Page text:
There are many reasons why eucalyptus was planted in California. I recommend the history of the trees of California by Jared Farmer, Trees in Paradise: A California History, for a more complete understanding of why eucalyptus was planted in California. Mr. Farmer also describes John Muir’s fondness for eucalyptus.
We all have a right to our opinions, Mr. [redacted]. However, it is not in anyone’s interests to be misinformed of the facts regarding our urban forest.
Please let me know if there are any other statements in my letter for which you require documentation.
Cc: Michael Brune and Aaron Mair
No, this is NOT an April Fool’s joke. These are actual letters sent by actual people. We will publish a more comprehensive report of feedback from Sierra Club members to the letter from a fellow member in late April.
On February 8, 2016, letters were sent to members of the Sierra Club in San Francisco from another Club member. That letter is available HERE: Letter to Sierra Club members. The letter contained a postcard petition on which members were invited to express their opinion of the Club’s support for deforestation and pesticide use in the San Francisco Bay Area. That petition is available HERE: Letter to Sierra Club members – postcard petition.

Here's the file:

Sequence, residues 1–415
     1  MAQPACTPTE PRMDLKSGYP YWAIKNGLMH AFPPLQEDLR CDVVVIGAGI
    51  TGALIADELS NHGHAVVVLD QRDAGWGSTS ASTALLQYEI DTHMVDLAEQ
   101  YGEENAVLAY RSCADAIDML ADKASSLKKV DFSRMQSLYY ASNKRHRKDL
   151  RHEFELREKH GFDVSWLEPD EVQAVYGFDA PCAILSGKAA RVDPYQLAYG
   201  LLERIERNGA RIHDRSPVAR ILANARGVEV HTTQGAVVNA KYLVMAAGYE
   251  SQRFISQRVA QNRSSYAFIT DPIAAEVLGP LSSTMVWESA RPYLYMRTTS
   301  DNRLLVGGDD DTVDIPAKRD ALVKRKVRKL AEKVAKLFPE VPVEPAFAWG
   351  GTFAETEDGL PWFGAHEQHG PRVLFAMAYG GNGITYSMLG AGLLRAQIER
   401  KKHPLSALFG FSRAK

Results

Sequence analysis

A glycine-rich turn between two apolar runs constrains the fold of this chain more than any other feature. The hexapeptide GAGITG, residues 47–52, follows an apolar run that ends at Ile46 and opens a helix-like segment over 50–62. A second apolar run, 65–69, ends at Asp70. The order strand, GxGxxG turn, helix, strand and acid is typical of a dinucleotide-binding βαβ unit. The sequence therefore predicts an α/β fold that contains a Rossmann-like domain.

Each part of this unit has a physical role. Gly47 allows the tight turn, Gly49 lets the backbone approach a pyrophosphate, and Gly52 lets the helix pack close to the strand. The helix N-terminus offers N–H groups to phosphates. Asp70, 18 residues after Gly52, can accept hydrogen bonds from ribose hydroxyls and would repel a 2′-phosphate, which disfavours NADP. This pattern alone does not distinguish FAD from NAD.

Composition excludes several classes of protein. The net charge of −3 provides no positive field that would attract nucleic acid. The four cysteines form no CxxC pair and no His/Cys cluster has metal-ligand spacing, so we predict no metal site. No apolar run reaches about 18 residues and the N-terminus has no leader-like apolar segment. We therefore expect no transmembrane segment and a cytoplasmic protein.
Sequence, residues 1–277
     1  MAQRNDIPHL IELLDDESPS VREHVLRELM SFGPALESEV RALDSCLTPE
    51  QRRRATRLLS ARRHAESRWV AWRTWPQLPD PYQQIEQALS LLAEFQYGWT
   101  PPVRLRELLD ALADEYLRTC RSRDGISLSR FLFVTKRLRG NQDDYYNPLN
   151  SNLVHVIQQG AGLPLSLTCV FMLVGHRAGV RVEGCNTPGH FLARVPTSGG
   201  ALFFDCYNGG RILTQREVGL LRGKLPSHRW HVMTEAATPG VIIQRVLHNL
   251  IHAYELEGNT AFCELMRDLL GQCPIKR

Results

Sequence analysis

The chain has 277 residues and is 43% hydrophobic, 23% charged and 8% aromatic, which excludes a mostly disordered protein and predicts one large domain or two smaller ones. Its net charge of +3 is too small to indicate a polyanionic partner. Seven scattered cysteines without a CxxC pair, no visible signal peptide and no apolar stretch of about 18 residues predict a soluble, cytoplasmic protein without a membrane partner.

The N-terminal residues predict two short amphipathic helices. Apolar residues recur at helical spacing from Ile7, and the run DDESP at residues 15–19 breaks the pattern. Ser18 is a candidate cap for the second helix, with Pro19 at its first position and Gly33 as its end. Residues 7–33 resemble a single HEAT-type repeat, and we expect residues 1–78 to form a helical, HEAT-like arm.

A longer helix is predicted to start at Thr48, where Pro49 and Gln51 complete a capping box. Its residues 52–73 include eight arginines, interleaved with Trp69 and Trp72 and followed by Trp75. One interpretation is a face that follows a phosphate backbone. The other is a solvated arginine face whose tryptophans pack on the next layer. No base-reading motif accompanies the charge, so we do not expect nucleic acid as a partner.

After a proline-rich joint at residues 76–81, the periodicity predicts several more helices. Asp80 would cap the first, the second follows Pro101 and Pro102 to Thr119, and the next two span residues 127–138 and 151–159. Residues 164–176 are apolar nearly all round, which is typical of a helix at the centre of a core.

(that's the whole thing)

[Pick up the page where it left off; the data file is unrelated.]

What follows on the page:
The author of the letter reports that she has received 380 postcard petitions from Club members in San Francisco, indicating their opposition to the Club’s policy on these issues. Only ONE postcard expressed support for the Club’s policy. The letter was sent to 6,252 members, but undeliverable letters resulted in a net of 6,216 letters received. This suggests that at least 6% of Club members in San Francisco are opposed to the Club’s policy. Here are some (not all) of the comments that members wrote on their postcard petitions to the Sierra Club:
“SF native is windy sandy hills with poison oak!”
“Should the Sierra Club continue with its current position, I will cancel my membership” [several similar comments]
“If this native plant bullshit continues I’ll donate my dues to save the eucalyptus grove”
“I am strongly opposed!! (and have been for months)”
“Sierra Club member since 1975. The idea to destroy our trees is absurd. What would Golden Gate Park be without trees? Sand Dunes!”
“These people would cut down every tree on SF streets & Golden Gate Park”
“Fanatical purists! Should we plant more poison oak?!”
“If you want to go back to the habitats before get rid of people, buildings & cars. Chop down & poison those instead of plants that were here before you were born.”
“I read your arguments for supporting this senseless destruction, and found them anachronistic and short-sighted…a 19th Century approach to conservation.”
“This same kind of “restoration” has been tried on a pilot basis in Glen Canyon, near my home, and has failed miserably.”